And though hard be the task,
Keep a stiff upper lip.’Phoebe Cary, American poet (1824-1871)
Super-Middleweight is a relatively new division, pitched like a mobile phone mast between the ancient spires of the 160 and 175 weight classes in 1984. It was then, a time of Terrible Tim Witherspoon, Nicaragua and the British Miners’ strike, that Scot Murray Sutherland defeated Ernest Singletary for the freshly foiled IBF world title.
168 pounds had been a contested weight on the almost invisible fringes of the sport long before the widely under appreciated Sutherland stepped between the ropes. Since the late sixties an organisation called the WAA had toiled alone in trying to establish the half way house between the classic divisions. But it was a story that only truly came to life in that low key promotion in Atlantic City. Since then, despite Sutherland’s loss of the belt to Chong-Pal Park in his next fight, the weight class has been home to a parade of British boxing greats.
Benn, Eubank, Froch and Calzaghe were the most illustrious, accompanied along the way by Watson, Catley, Reid, Groves, DeGale, Graham and Irishman Steve Collins too. The latest, Liverpool’s Callum Smith, has this week landed an opportunity to etch his name into the very particular folklore reserved only for Calzaghe and co.
It isn’t outlandish to suggest winning the fight with boxing’s richest cash-cow, Saul ‘Canelo’ Alvarez, on December 19th, certainly in terms of profile, would eclipse any individual victory those four secured. Heresy though that will appear for many nostalgic observers.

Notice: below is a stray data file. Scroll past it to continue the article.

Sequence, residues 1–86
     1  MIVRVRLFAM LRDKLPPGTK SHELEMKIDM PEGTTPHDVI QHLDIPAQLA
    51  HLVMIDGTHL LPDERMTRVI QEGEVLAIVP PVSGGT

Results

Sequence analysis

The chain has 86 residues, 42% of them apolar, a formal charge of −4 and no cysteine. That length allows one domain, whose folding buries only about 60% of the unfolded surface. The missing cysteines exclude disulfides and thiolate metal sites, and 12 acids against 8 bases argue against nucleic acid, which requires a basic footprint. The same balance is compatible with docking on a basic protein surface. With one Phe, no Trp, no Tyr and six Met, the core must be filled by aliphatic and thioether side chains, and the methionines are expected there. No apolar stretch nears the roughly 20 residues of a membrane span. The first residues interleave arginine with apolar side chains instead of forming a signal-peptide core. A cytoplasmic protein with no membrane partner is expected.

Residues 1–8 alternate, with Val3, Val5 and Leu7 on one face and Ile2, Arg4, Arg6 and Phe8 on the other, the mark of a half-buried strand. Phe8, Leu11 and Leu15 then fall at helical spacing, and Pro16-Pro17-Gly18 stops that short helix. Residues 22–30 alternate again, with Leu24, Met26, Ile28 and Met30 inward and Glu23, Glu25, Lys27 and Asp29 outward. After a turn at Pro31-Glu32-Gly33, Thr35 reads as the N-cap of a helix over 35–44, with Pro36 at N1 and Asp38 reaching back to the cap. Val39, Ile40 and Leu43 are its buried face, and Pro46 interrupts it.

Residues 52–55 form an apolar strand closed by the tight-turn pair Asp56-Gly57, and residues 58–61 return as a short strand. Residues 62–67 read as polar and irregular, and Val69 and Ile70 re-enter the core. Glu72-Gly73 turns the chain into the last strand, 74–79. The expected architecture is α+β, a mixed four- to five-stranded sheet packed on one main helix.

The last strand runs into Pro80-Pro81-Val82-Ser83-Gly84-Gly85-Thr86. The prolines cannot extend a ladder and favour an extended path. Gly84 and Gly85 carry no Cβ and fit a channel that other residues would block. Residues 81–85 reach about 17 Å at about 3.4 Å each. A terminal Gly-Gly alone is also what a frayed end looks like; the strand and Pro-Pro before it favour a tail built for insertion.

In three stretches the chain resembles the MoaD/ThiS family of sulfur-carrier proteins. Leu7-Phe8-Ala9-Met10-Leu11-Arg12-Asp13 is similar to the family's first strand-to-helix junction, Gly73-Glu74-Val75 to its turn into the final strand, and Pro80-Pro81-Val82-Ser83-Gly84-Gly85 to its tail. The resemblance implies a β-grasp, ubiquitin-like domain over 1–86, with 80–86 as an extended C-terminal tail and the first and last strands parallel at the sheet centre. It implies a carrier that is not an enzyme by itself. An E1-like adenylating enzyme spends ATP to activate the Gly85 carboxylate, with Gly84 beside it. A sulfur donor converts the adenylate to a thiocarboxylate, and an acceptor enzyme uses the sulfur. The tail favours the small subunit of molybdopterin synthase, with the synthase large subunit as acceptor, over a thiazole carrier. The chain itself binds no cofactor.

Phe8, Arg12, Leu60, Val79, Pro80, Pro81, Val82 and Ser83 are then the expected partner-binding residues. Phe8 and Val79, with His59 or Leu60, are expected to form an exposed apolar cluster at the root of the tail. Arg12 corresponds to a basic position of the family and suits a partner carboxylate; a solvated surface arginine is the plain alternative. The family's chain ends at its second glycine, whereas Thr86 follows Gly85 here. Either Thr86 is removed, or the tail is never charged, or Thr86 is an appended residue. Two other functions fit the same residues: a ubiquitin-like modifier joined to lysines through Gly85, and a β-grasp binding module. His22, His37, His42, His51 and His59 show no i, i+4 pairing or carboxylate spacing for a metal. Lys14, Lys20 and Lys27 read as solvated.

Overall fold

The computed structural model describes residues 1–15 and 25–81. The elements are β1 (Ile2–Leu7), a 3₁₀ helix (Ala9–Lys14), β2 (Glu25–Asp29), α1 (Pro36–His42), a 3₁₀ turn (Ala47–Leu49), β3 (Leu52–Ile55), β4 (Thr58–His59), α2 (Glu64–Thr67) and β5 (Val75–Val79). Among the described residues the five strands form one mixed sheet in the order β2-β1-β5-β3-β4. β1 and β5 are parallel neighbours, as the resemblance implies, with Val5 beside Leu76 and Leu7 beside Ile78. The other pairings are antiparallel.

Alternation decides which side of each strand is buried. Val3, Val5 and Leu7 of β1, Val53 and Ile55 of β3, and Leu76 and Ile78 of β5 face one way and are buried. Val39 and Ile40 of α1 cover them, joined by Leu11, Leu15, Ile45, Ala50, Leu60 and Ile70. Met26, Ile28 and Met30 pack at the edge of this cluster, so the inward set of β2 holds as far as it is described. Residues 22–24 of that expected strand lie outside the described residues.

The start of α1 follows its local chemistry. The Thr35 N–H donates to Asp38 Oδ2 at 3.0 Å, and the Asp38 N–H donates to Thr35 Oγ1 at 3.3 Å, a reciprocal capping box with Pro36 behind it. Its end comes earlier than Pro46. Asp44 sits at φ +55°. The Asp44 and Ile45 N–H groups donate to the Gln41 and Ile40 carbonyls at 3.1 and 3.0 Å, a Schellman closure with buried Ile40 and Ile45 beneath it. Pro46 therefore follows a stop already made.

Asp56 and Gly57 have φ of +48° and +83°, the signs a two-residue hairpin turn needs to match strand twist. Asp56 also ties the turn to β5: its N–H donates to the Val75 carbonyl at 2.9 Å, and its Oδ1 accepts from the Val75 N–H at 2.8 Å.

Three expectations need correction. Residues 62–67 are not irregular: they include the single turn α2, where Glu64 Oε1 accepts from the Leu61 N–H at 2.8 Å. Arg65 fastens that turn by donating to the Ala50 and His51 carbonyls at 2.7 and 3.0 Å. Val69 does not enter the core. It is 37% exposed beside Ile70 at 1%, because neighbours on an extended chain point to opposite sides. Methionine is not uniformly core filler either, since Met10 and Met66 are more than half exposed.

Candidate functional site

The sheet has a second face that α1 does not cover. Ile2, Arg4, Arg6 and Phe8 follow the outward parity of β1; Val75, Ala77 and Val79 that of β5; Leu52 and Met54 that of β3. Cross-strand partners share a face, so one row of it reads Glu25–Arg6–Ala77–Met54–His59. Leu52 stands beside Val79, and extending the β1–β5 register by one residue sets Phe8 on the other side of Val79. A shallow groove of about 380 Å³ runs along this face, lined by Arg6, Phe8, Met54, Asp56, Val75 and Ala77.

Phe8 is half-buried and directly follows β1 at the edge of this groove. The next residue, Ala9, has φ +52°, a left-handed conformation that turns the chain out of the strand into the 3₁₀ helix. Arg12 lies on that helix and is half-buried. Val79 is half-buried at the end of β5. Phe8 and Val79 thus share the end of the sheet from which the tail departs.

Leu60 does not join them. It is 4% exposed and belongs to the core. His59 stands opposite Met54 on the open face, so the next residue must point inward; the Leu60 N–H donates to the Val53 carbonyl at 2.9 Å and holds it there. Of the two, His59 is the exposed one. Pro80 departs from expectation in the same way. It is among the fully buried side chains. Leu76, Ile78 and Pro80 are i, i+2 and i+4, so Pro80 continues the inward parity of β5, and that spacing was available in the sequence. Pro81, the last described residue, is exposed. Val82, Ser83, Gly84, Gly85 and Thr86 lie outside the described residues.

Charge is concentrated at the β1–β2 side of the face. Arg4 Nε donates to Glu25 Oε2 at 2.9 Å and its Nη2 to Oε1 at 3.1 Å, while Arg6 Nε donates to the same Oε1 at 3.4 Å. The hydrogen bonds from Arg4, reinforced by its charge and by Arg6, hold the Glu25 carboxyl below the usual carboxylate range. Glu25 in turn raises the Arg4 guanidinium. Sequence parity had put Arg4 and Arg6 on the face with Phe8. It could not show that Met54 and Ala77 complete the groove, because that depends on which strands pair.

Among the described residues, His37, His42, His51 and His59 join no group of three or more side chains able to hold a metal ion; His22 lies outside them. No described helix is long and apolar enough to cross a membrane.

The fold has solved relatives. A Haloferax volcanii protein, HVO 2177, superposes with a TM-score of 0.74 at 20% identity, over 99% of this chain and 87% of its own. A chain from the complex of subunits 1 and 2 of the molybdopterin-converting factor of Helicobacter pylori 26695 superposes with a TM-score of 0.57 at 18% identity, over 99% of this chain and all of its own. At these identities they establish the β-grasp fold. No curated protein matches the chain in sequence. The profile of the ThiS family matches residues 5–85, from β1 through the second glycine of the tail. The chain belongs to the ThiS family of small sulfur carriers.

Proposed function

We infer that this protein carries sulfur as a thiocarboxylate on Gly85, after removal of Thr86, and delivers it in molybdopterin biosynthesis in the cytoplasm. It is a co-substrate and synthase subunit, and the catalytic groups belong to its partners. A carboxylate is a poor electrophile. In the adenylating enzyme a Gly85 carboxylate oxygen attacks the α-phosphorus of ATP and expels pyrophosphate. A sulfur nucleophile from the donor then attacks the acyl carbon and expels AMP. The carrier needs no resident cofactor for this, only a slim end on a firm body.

Announced as a surprise to most, in a sport of few such secrets, the fight will offer a thrilling and potentially momentous conclusion to an otherwise dreadful year for boxing. A welcome lurch toward common sense and the old fashioned pursuit of finding out who is the best fighter at the weight. Hopefully, it is an old phenomenon with new life, it will please ageing observers if it does.
As well as the spectacle it should offer, it encourages the idea further marquee bouts could once again be within the grasp of matchmakers. If we are to assume their motives are the health of the sport. Apologies, perhaps Evil Knieval or Bob Beamon can help us with that leap of faith.
Spence and Crawford, Fury and Joshua are the two glowing beacons in any such refreshed modus operandi. Canelo and Smith, in terms of singular fights determining a unanimous king in any division, probably appears third if fans were to start a list. And boxing fans do love a list.
On that basis, however the agreement was reached, for only the obsessed really care, it should be embraced warmly.
These types of fights aren’t commonplace.